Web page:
by I Do! Magazine
If you still haven’t decided on your honeymoon destination, why not try somewhere completely different? Josanne Cassar recently visited Poland’s capital Warsaw, courtesy of the Westin Dragonara Resort Malta and thoroughly recommends itLet others know about this page! Share it:
If you love history and culture, wide-open spaces, quaint towns and beautiful, impeccably kept parks, then a trip to Warsaw can be a pleasant surprise.
We were there at the end of April, perfect spring weather when all you need is a cardigan during the day and a jacket for the evenings. The sun was out, flowers were blooming everywhere and the crisp air made it pleasant to walk around without getting all hot and bothered.
This is a city which fought its way back from total destruction after Hitler ordered it to be systematically demolished in retaliation for the Warsaw uprising of 1944. This means that everything you see was built after the war. Despite being given a ‘death sentence’, with 650,000 people killed and every house set on fire street by street; despite its museums and Royal Castle, libraries and churches being completely demolished, the unbelievable happened.
The fierce pride for their beloved Warszawa led the Poles to rebuild their city with a meticulous attention to detail. It is this pride which still resounds today and can be heard in the tones of the tourist guides who lead you around the famous monuments.
I think it was this palpable spirit of a city that had lived and survived such horrors, which impressed me most about Warsaw. The old town, with its cafes, cobbled streets, vibrantly coloured houses and bustling squares, is charming in the way which only European towns can be. And yet you are keenly aware that this was also the place which withstood the bombardment of the Germans for over a month.
In complete contrast is the modern part of Warsaw, with its blocks upon blocks of apartments built quickly in the ‘50s to house a displaced population desperate for accommodation. Wide avenues with modern high-rise buildings are close to vast parks such as the famous Lazienki Park where families flock on the weekend to relax. It’s no secret that we all envied the wide-open spaces and luscious greenery which we so lack in Malta. Not to mention the peacocks!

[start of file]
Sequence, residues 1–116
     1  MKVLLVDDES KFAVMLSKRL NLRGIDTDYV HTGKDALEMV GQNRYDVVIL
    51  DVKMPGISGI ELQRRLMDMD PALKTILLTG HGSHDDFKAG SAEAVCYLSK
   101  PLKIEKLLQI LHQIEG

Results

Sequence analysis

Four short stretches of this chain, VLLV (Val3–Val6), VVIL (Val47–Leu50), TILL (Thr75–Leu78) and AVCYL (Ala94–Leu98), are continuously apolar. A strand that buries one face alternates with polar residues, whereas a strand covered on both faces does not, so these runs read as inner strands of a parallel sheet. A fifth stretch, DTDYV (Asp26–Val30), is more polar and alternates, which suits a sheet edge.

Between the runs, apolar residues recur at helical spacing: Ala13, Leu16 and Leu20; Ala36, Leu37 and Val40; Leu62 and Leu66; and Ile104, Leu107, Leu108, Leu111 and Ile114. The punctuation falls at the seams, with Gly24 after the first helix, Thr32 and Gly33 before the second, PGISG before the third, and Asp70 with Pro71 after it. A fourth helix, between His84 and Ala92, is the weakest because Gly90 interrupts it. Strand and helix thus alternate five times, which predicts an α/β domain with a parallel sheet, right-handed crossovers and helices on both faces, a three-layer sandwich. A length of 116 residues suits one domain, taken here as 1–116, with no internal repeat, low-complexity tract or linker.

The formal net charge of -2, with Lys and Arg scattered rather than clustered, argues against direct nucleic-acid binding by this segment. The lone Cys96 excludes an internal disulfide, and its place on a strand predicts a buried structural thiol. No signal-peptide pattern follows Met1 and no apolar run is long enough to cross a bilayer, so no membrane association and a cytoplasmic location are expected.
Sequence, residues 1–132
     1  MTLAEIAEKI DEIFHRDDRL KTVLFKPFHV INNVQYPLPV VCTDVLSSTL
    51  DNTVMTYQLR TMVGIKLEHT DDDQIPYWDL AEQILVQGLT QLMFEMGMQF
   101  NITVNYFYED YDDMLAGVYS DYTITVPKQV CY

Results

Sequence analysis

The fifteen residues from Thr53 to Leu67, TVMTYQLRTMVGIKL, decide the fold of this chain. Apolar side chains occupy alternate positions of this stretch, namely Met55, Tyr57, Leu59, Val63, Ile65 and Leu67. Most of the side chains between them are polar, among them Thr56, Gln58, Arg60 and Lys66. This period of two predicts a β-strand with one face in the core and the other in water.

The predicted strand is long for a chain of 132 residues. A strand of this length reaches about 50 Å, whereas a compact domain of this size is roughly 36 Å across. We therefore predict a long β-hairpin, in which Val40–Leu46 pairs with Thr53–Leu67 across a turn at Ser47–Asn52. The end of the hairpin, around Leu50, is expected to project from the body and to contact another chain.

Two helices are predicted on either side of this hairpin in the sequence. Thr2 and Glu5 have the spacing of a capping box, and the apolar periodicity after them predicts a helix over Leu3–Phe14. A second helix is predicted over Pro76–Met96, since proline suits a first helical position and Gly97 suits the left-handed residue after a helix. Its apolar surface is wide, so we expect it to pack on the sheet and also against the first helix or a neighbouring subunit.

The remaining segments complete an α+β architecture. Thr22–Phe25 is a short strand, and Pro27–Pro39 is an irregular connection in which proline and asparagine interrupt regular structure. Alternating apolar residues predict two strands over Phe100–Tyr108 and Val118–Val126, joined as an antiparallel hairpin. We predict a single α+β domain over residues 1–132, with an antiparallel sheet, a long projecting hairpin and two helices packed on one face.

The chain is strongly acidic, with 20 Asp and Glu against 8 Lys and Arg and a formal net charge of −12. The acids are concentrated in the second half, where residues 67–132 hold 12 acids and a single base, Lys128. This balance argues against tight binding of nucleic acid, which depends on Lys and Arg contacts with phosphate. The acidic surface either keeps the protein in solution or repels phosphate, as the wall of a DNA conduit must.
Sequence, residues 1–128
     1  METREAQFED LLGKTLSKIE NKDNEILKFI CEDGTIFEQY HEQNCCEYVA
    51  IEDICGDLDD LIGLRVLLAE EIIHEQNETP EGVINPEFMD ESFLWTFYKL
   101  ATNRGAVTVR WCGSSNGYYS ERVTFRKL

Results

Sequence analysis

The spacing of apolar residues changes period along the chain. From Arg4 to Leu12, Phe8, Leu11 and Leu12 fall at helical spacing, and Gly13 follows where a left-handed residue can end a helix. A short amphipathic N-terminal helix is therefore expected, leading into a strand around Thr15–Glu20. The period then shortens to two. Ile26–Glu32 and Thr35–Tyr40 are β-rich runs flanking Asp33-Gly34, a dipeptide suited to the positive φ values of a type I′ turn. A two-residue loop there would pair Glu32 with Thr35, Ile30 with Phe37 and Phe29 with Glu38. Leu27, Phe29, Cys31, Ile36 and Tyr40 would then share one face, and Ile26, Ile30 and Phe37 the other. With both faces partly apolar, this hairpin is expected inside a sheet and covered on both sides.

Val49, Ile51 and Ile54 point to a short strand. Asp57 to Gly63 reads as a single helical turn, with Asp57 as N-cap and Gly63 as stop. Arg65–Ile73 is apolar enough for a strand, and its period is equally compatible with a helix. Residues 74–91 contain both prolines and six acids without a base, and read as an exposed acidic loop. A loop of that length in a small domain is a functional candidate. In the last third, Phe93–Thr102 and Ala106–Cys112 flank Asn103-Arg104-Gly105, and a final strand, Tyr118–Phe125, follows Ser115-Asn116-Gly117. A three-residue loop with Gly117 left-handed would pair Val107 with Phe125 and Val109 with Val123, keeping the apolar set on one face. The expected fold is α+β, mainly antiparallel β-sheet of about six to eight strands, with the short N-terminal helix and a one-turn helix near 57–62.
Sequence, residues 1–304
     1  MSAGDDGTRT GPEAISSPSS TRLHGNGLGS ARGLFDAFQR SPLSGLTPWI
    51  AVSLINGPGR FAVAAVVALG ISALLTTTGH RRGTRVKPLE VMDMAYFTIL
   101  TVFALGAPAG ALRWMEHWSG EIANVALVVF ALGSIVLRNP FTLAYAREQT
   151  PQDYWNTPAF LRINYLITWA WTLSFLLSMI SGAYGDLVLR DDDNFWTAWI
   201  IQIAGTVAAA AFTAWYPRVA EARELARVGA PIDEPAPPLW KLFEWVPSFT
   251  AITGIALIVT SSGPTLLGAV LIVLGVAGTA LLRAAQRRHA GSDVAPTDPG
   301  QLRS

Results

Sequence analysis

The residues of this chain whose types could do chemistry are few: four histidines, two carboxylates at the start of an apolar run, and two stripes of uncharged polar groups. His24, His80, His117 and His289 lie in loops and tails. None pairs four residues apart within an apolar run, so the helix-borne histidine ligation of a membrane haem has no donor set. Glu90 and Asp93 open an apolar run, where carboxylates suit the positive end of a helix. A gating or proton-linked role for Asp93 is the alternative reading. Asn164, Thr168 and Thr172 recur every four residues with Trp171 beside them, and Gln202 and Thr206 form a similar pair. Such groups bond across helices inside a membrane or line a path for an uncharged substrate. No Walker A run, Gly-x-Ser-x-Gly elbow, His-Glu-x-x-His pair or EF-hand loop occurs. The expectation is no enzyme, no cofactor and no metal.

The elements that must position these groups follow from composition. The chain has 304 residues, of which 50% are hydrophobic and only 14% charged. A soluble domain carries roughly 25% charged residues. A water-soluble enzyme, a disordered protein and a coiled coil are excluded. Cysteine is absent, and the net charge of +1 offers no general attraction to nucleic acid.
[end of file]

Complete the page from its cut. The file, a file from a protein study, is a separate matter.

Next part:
The economic boom in Warsaw can be evidenced by the spurt of five-star hotels including the Sheraton Warsaw Hotel & Towers where we stayed, and the more recently built Westin Hotel. Eerily, as you walk or ride by taxi through the city, you realise that you are not too far away from the infamous Jewish ghetto wall, behind which half a million Polish Jews were imprisoned and starved to death.
Understandably, photographic tributes to Poland’s most famous son, the late Pope John II are everywhere. In one museum, his last handwritten letter to his beloved compatriots dated Easter Sunday 2005 is proudly on display.
Last year, a Warsaw Rising Museum was built, a living breathing memorial which pays tribute to those who stood up against the Nazis. As you walk through the interactive displays, the smells and sounds of the war are all around you. “Those who were in the war are all dying off and it was important for us to finish this museum for those who are still alive,” our guide told us. A short documentary using newsreel footage can be seen at one of the museums, showing how the city was courageously re-built after the devastation.
When you want to have a break from sight-seeing, an enormous shopping mall brings together all the well-known brand names – shopaholics will be pleased to know that you can get extremely good value for money. In fact, Warsaw is a whole is very reasonably priced, from restaurants to taxis which cost about Lm1.50 for a 20 minute ride. Not everyone speaks English so be prepared to use a bit of sign language and lots of pointing – personally, I find this to be all part of the experience of going to a foreign country. Organised tours are available, but if you are adventurous it is perfectly possible to explore the city on your own using the various tourist maps. In the evening there are plenty of pubs, restaurants, cafes and clubs to go to. Ask for the Warsaw Insider, a magazine which will tell you what’s on and where to go.
The Sheraton Warsaw Hotel & Towers
A honeymoon deserves the very best and what’s nicer than splurging on a five star hotel? Situated in the heart of the city, the Sheraton can offer you the best service for the holiday of your dreams. The room I stayed in was an Executive Club Lounge featuring the Sweet Sleeper Bed, tea and coffee facilities, satellite TV, iron and ironing board and a safe. If you really have to stay in touch with the office there are Internet, fax and modem facilities (although you’re on honeymoon so forget about business!). For even more luxury you can stay on the Towers floor, where there’s private check in and out, American breakfast served in the lounge, personal butler service, evening cocktails plus pressing and shoe shine service. If keeping fit is a priority, the health and recreation club is fully equipped to help you do your workout. A choice of buffet and Oriental restaurants offer various types of cuisine while a great live jazz band at Someplace Else pub had us dancing till the early hours of the morning.
We were shown round this elegant, two-year-old hotel with its impressive glass lift which swoops you up to the 30th floor in seconds. We also dined at the beautiful restaurant with its mind-boggling array of continental, oriental as well as typical Polish dishes. A visit to the luxurious Presidential suite gave us a glimpse into the world of such VIPs as Sophia Loren who has stayed here. Also centrally located, The Westin in Warsaw can truly guarantee a honeymoon you will never forget.
Photos by Karen Mifsud